Prohibition on Altering Transmission Data

CASL generally prohibits, in a commercial context, the alteration of transmission data so as to re-route an electronic message without the sender’s or the recipient’s consent. Primarily, this appears to be directed at “man-in-the-middle” attacks (eavesdropping on or intercepting communications). Similar to consent requests for CEMs, express consent must be in a prescribed form, containing identity and contact information, as well as the purposes for which the consent is being sought, and the person expressing consent must be given the opportunity later to withdraw that consent.

Enforcement and Liability—Employers, Directors and Officers

CASL contemplates enforcement by two methods: Canadian Radio-television and Telecommunications Commission (CRTC) enforcement, and private lawsuits. Until July 1, 2017 (3 years from coming into force), the CRTC will enforce CASL by pursuing violations through imposing undertakings (essentially, covenants to correct violations) or administrative penalties, the latter up to $1,000,000 for individuals and $10,000,000 for others. The general public will report violations through the website, and the CRTC can publicly name violators and punishments. On July 1, 2017, private individuals will be able to pursue CASL contraventions through private lawsuits, with compensation equal to damages and expenses plus up to $200 per violation to a maximum of $1,000,000 per day (expect class-action lawsuits on this).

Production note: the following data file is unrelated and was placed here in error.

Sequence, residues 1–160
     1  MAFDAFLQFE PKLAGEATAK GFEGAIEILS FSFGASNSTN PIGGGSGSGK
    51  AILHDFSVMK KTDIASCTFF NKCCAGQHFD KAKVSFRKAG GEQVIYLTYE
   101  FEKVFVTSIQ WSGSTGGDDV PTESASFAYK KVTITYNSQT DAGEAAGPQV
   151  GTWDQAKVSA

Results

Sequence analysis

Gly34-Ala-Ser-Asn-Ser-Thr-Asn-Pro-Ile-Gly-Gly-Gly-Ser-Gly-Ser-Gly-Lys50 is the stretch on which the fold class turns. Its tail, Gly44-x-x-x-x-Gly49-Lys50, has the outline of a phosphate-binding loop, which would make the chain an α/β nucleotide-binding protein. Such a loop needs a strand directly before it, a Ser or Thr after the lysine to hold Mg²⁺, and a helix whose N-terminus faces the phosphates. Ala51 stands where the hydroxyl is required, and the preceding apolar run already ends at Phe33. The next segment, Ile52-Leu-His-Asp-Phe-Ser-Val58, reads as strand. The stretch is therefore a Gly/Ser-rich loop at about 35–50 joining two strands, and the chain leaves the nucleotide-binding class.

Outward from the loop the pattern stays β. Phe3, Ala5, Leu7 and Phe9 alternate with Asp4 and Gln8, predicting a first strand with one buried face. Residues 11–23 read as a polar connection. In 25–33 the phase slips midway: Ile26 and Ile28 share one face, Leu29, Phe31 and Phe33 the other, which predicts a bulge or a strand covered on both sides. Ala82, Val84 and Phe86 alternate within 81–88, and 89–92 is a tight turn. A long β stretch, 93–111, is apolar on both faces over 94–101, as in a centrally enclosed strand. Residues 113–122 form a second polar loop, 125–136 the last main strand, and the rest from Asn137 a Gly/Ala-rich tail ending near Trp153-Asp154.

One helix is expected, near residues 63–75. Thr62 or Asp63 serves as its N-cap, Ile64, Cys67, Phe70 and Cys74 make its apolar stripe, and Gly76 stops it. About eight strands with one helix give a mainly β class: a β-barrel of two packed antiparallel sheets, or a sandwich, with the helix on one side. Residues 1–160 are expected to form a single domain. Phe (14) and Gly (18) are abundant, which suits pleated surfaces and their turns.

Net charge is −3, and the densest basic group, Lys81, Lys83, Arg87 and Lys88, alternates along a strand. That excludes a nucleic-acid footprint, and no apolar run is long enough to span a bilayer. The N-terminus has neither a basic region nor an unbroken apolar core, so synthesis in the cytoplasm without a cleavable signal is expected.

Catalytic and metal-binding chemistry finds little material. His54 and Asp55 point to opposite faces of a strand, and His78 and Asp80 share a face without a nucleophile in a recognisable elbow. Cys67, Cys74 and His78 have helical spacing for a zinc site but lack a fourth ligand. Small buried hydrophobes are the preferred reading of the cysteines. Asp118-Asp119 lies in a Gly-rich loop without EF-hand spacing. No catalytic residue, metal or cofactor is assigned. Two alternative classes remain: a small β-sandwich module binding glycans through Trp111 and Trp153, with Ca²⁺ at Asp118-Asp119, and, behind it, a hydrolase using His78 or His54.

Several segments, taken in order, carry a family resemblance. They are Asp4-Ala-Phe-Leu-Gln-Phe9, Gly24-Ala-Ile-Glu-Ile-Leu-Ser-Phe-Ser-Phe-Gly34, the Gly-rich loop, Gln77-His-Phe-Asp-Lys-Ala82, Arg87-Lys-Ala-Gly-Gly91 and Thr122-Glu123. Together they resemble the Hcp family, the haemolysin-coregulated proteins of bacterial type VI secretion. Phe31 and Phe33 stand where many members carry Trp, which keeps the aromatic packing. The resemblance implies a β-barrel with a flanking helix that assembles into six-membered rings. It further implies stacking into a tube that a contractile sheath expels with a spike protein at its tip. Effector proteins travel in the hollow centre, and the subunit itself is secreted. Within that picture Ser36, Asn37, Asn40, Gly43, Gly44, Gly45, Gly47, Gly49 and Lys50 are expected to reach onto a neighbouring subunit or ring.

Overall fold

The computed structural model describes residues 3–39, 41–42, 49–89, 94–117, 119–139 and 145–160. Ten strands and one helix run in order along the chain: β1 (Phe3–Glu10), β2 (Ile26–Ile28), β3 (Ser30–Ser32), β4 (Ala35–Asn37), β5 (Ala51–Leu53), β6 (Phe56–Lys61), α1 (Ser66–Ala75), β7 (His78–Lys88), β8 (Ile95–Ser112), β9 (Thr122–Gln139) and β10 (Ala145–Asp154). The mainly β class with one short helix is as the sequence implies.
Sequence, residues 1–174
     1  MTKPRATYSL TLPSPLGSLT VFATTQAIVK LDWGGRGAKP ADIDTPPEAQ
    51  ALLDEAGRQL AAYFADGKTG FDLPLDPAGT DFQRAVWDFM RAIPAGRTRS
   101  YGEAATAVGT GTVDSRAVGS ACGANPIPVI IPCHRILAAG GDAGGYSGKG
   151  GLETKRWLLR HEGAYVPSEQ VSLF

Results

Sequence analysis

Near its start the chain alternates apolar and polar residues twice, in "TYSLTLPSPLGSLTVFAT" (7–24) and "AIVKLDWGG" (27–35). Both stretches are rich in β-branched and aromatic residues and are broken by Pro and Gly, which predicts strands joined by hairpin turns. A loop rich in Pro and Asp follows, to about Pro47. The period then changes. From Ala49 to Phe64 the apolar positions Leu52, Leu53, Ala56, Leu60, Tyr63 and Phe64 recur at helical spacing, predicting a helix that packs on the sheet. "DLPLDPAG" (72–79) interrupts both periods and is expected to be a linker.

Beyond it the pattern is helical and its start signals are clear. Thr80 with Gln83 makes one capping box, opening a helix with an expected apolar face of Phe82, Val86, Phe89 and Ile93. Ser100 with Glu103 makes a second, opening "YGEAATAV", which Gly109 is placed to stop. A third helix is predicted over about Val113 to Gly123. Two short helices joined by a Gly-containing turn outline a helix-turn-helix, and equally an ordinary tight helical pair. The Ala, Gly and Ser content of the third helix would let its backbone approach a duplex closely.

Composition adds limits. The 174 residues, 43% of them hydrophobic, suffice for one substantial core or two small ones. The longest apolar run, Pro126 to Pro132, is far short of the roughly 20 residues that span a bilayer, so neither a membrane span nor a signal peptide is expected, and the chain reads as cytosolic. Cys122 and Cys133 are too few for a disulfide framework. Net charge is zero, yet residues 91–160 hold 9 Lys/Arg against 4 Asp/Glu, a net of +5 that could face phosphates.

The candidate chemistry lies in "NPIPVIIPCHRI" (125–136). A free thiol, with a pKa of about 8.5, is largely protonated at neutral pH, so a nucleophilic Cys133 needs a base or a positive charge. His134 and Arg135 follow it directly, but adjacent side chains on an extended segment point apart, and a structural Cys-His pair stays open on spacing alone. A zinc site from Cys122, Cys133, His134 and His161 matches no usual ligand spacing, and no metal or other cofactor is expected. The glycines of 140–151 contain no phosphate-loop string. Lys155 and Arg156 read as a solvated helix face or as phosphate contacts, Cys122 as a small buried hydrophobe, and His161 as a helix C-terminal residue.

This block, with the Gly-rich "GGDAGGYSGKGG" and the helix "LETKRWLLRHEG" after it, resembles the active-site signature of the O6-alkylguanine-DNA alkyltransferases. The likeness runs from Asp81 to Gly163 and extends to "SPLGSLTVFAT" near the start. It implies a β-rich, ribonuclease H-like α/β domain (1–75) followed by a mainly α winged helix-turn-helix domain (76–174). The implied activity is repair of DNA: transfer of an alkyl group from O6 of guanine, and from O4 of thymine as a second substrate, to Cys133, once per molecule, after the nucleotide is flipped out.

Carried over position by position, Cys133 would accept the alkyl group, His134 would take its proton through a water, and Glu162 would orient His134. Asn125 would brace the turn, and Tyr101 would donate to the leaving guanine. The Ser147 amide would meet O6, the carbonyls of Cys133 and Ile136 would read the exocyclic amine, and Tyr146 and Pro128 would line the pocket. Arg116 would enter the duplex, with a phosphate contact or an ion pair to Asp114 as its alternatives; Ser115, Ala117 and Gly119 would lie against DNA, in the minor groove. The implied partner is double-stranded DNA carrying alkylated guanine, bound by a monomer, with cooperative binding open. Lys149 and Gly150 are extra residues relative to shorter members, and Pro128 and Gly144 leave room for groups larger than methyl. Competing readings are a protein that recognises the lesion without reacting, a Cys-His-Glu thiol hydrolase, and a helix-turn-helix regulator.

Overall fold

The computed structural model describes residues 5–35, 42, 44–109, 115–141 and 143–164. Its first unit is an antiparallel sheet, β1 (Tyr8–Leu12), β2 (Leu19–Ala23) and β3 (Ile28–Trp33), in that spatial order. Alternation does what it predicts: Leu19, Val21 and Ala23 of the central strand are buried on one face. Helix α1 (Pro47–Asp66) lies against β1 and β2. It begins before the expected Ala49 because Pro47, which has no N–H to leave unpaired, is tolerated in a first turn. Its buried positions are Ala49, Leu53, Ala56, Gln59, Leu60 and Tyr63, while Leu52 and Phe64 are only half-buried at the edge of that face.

Whether pursued by CRTC or through private lawsuits, officers and directors of companies are personally liable if they directed, authorized, assented to, acquiesced or participated in the violation or contravention. Employers are also vicariously responsible for the acts of their employees. Because of this, businesses must take care to conduct themselves, and directors and officers must exercise their duties, to avail themselves of CASL’s general “due diligence defense.” If a breach is found, evidence of the due diligence measures undertaken by the business may act as a full defense or factor into damages or penalties. CASL “first contact” or e-mail/communication policies will be key to compliance.

Éloïse Gratton, an expert in IT and privacy law, is an attorney in the Montreal office of McMillan. Ryan J. Black is a partner in the firm’s Business Law and Technology and Intellectual Property Law Groups, based in Vancouver. Janine MacNeil is a partner in the firm’s Competition and Marketing Law Group, based in the Toronto office. Elisabeth Preston is a partner in McMillan’s Ottawa office and Dawn Mains is a member of the firm’s Intellectual Property Group in the Calgary office.

Copyright 2014 © McMillan. All rights reserved.